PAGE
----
Talaromyces verruculosus yielded two new oligophenalenone dimers, verruculosins A (129) and B (130), and the related known analogs, duclauxin (120), bacillisporin F (125), and xenoclauxin (131) (Figure 13). Compound 129 was a novel oligophenalenone dimer with a unique octacyclic skeleton. Compounds 129 and 130 were fully characterized by spectroscopic, X-ray crystallography, and ECD analyses as well as, optical rotation and NMR calculations. Compounds 120, 125, 129, and 131 exhibited potent CDC25B inhibitory activities (IC50 values of 0.75, 0.40, 0.38, and 0.26 µM, respectively), compared to Na3VO4 (IC50 0.52 µM). In addition, 120 and 129131 displayed moderate EGFRIC inhibitory activities (IC50 values from 0.24 to 1.22 µM) in comparison to afatinib (IC50 0.0005 µM). The results revealed that oligophenalenone dimers could be used as CDC25B inhibitor candidates [48].
Duclauxin (120), talaromycesone B (122), bacillisporin G (127), and xenoclauxin (131) were isolated from anthill soil fungus Talaromyces sp. IQ-313. They were evaluated for PTP (protein tyrosine phosphatases) inhibitory potential. They inhibited hPTP1B1-400 (IC50 values ranging from 12.7 to 82.1 µM), in comparison to ursolic acid (IC50 26.6 μM. Compounds 120 and 127 displayed the strongest inhibitory activity (IC50 12.7 and 13.5 µM, respectively) [49]. Five new polar pigments, talauxins E (132), I (133), L (134), Q (135), and V (136), along with the previously reported 9-demethyl FR-901235 (55), O-desmethylfunalenone (100), and duclauxin (120), were purified from Talaromyces stipitatus (Figure 14). Talauxins are unusual heterodimers that are produced from the coupling of 120 with amino acids and are closely related to duclauxamide A (119), which was separated from Penicillium manginii [56]. They were fully characterized via spectroscopic and X-ray analysis. Compounds 120 and 132 exhibited weak cytotoxic effectiveness (IC50 140 and 70 μM, respectively) versus NS-1 cells, compared to 5-fluorouracil (IC50 4.6 µM) in the resazurin microplate assay, while 132 also had weak antibacterial potential versus B. subtilis (IC50 265 μM), compared to clotrimazole (IC50 0.4 μM) [43].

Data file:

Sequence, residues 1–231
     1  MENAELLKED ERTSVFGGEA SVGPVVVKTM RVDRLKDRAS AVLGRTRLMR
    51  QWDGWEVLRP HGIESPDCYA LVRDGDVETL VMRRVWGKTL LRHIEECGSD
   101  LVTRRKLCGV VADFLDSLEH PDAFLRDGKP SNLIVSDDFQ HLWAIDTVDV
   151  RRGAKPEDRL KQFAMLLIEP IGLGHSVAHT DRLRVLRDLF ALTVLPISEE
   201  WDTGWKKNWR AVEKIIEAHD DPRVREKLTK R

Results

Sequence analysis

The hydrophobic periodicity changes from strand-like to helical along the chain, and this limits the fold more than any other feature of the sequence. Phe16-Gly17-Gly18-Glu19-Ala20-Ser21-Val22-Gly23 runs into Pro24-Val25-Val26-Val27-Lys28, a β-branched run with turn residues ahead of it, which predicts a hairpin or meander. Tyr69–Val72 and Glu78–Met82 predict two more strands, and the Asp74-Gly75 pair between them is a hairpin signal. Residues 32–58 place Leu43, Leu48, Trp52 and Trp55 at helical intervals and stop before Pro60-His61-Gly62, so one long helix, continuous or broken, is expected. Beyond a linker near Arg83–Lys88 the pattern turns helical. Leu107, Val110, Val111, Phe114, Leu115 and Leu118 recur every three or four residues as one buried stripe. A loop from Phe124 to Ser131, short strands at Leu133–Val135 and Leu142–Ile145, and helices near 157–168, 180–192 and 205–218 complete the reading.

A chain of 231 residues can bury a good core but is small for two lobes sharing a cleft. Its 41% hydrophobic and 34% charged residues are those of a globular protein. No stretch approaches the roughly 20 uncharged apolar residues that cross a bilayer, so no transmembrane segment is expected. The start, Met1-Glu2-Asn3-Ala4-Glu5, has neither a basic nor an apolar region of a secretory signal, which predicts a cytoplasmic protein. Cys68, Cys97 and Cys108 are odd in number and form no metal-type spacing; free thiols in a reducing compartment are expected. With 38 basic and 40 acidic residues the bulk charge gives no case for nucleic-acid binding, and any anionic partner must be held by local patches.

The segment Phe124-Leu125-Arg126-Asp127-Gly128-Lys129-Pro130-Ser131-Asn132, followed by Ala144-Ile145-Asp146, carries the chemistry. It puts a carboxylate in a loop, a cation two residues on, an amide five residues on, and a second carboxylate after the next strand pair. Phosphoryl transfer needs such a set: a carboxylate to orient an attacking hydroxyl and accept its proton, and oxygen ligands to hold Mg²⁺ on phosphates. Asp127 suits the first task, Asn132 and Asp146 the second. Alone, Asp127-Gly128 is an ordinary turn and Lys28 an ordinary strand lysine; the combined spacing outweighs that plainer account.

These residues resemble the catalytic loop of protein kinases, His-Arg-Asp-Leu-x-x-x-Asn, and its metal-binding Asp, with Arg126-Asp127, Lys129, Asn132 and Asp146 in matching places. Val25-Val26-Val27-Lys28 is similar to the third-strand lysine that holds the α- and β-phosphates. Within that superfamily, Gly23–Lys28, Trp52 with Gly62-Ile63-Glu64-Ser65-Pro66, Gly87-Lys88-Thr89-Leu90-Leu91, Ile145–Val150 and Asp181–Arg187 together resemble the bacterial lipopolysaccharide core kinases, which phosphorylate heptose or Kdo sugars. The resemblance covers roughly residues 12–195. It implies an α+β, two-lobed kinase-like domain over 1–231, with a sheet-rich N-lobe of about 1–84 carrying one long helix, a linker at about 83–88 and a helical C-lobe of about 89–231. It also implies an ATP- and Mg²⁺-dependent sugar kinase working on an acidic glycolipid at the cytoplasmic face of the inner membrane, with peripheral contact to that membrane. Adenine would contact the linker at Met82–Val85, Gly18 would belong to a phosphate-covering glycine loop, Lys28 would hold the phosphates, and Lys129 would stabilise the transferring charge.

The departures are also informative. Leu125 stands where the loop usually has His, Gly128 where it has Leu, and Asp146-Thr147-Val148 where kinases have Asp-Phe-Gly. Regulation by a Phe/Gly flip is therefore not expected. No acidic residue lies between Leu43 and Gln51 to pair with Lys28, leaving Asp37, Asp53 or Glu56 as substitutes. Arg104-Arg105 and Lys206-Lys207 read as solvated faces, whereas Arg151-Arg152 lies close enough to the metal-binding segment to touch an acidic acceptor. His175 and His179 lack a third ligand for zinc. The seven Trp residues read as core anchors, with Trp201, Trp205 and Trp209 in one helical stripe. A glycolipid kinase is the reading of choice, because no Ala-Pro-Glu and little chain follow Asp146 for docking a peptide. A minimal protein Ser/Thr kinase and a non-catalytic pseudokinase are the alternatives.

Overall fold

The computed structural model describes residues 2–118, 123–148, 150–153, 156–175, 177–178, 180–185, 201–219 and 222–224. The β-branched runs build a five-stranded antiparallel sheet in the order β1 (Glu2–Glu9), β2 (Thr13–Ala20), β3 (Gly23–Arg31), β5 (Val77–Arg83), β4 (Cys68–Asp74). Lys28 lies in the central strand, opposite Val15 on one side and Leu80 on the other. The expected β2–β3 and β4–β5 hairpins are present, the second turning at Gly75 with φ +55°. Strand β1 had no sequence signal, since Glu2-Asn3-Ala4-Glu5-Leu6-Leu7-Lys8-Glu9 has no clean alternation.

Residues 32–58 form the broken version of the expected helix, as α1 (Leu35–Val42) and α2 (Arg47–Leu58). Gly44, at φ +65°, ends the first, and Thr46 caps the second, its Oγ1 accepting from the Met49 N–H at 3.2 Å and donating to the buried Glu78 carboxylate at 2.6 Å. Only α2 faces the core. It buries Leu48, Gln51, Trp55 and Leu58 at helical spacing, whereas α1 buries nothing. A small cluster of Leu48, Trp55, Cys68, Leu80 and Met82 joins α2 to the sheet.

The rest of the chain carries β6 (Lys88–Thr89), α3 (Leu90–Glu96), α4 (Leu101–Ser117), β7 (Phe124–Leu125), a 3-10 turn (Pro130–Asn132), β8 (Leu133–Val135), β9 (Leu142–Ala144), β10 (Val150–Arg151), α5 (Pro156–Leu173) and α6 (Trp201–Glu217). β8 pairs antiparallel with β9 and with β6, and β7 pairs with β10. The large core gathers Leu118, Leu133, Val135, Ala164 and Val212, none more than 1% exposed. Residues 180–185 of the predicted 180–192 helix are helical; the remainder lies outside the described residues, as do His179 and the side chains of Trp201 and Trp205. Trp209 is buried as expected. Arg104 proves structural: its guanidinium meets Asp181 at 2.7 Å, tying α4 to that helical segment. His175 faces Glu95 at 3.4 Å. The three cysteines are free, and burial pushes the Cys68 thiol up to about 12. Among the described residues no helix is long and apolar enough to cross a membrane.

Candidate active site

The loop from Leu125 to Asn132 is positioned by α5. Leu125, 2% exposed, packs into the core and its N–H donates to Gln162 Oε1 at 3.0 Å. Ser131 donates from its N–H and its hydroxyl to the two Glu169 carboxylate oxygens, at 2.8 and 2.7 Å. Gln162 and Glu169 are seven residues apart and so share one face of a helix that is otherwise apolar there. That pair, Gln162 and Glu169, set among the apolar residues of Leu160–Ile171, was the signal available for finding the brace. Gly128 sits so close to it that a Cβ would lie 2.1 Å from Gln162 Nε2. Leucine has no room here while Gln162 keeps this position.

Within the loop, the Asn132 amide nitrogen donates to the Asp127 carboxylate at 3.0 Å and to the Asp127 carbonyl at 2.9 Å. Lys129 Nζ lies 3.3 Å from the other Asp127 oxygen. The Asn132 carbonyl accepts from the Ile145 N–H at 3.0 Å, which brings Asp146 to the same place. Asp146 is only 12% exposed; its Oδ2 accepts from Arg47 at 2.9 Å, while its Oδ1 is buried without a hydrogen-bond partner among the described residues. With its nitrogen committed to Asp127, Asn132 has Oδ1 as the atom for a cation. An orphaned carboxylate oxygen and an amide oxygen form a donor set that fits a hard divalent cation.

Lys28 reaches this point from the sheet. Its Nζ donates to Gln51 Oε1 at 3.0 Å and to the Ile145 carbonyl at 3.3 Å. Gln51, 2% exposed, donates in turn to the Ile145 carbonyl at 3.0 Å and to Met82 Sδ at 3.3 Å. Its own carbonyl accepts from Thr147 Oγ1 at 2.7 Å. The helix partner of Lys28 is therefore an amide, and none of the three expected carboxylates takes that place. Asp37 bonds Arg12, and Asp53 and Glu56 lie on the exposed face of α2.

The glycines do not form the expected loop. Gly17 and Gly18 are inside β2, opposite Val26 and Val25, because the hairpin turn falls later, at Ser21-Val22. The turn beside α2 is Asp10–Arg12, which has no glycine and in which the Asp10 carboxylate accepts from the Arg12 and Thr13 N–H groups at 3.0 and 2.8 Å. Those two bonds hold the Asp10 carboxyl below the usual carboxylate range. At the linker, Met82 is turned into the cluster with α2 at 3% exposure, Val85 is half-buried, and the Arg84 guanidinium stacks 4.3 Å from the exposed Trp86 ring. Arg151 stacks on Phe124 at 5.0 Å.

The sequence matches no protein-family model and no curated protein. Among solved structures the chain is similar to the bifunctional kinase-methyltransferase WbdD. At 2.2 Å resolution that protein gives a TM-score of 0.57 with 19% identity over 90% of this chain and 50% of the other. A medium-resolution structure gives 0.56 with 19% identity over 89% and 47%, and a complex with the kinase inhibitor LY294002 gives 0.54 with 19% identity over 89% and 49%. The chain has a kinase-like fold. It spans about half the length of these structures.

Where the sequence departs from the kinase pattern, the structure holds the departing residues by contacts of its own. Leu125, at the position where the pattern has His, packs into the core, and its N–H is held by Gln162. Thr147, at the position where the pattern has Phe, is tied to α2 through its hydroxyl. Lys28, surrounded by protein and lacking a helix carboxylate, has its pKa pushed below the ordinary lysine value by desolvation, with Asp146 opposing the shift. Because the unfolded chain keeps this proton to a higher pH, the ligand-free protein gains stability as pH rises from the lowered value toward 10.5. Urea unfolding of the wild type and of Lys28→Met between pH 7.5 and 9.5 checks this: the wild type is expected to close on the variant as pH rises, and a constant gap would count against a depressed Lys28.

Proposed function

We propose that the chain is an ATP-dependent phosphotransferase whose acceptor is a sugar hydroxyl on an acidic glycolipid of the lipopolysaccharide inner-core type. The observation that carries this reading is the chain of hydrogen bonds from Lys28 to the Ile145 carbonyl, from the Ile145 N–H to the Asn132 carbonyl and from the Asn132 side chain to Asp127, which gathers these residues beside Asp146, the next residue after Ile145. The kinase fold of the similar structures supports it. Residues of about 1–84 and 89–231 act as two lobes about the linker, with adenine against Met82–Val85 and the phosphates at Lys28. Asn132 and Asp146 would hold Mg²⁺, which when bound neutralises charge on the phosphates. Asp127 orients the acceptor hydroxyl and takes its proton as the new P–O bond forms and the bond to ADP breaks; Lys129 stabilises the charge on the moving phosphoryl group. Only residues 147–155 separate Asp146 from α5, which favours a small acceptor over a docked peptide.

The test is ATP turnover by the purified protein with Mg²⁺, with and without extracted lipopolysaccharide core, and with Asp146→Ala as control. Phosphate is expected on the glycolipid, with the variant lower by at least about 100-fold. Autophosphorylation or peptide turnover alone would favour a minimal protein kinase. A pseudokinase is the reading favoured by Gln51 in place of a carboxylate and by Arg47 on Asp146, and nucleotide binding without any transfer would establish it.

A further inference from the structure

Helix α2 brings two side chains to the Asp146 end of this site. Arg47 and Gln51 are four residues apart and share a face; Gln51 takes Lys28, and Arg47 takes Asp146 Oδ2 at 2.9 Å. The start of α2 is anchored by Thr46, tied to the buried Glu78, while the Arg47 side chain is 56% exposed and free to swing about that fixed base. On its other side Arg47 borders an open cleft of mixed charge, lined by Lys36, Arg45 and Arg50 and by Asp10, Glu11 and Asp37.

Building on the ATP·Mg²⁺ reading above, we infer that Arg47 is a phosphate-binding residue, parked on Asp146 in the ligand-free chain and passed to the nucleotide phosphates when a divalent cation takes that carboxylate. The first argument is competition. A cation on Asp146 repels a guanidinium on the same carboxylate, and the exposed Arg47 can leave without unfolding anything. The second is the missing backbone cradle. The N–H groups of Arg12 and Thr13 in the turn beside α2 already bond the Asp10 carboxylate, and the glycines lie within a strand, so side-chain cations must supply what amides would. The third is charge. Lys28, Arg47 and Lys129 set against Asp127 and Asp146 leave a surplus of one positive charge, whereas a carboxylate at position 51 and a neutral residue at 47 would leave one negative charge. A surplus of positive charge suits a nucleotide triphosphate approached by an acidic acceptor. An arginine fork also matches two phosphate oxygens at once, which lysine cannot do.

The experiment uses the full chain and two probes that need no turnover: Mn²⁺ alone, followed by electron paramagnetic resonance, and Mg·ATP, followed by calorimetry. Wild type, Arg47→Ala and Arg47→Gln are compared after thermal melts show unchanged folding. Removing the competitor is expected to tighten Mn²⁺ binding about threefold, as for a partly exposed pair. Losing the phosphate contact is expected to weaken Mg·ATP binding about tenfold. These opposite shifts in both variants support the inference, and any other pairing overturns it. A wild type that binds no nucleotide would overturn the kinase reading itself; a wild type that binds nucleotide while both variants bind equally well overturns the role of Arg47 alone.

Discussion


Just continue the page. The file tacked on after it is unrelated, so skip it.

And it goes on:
Figure 14. The structures of compounds 133139.